Membership of the Centre confers several benefits. Not least of these is the opportunity to have contact with friendly, knowledgeable individuals who share your interests in astronomy. We freely impart our knowledge, ideas, enthusiasm, advice and experience. We encourage you to do likewise.As a member, you would have access to our facilities, including a library dedicated to astronomy and related disciplines. Successful completion a simple “driver’s course” will allow you the use of our instruments.
Apart from this, you get to participate in our other events and activities. Our ties to the Planetarium are also advantageous. Have you just purchased a telescope? We can help you to learn to set it up and use it. Are you thinking of purchasing one? We can help you make the right choice. Want to know what’s up there? Need to discuss your theories? We are here!
In addition to the activities already mentioned above, our members – according to their individual needs and interests – are involved in a variety of activities including the following…
Classes are conducted on an ongoing basis. With the application of some effort and a really modest outlay in cash, you too can build a fully functional telescope that will keep you happily observing for years to come.
A large number of instruments have been completed under our guidance over the last several years. These range from the basic and plain to the sophisticated, beautiful and even computer-controlled: in this case, not even the sky is the limit.
By building it yourself, you can not only save substantial sums of money, but also tailor-make an instrument to your own specific needs.
The satisfaction of fashioning an optical surface to an accuracy of a fraction of the wavelength of light with your bare hands is matched only by the pride of accomplishment when you stand back to survey your personal creation, and the enjoyment of observing with something you have built yourself. The first glimpse of the heavens through your own home-built telescope is truly an experience without parallel.
Even if you are not interested in building a telescope, visiting us may be worthwhile – you can learn how a typical astronomical telescope works and be better prepared for making purchasing decisions.
Group Activities and Excursions
These range from star parties (informal gatherings for deep-sky viewing, often at dark sites, through visits to observatories, impact craters and other places of scientific interest, to meteorite hunting and even eclipse viewing expeditions. We take advantage of circumstances such as visiting scientific luminaries, or astronomical events such as meteor showers and the appearance of comets to hold extra-ordinary meetings, observing sessions and gatherings. Courses in constellation recognition, basic astronomy, use of instruments and so on are offered whenever there is sufficient demand. There are also purely social activities, exemplified by the end-of-year “solstice party”. Once a year, we host the ScopeX Telescope and Astronomy exposition. Browse our site for more information.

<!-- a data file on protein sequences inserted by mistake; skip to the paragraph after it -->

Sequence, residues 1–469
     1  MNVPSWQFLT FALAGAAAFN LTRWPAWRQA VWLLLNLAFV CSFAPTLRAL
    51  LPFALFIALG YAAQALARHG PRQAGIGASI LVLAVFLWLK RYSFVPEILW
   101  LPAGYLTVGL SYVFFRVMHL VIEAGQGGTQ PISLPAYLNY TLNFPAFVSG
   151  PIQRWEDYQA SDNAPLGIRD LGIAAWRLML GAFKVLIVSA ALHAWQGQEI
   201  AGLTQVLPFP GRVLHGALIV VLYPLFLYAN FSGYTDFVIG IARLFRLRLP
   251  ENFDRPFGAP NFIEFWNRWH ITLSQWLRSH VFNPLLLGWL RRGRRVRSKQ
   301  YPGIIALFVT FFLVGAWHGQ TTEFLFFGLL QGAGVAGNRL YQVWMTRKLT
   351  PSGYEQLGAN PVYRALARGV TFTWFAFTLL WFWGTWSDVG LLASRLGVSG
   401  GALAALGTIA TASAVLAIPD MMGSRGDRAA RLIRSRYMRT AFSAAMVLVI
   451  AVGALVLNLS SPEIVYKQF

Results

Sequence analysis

Why not involve yourself in contributing to our newsletter Canopus? Researching areas of interest to you and putting them forth for others to enjoy is a fulfilling and educational experience.
Participation in scientifically valuable observing programs
Amateur astronomers can and do provide input to professional programs. Surprisingly, many of these need only simple equipment such as binoculars (or even the naked eye!) to accomplish. Examples of exciting and fulfilling programs in which our members are active include:
Approximately one third of the world’s solar observers are based in Southern Africa. They make regular, detailed observations of the sun, recording sunspots, solar flares and electromagnetic disturbances.
Lunar Occultations occur when the Moon passes in front of a star. By accurately timing the disappearance and reappearance of the star, knowledge of both the Moon’s orbit and the positions of the stars can be greatly refined. Observations of Grazing Occultations â€“ during which the stars just skim the edge of the Moon, rather than being hidden entirely â€“ additionally assist in accurately mapping the Polar Regions of the Moon.
The observation of Variable Stars is probably the most important and exciting contribution that amateurs make to science. There are a number of reasons why a star may vary in brightness and a variety of behaviors â€“ some change brightness in a regular cyclic fashion with periods ranging from days to years, whereas others may undergo sudden, rapid and irregular brightening and dimming. Amateurs around the world simply record their estimates of the brightness of a given variable star with respect to adjacent stars of known brightness and forward them to a global clearinghouse for use by professionals.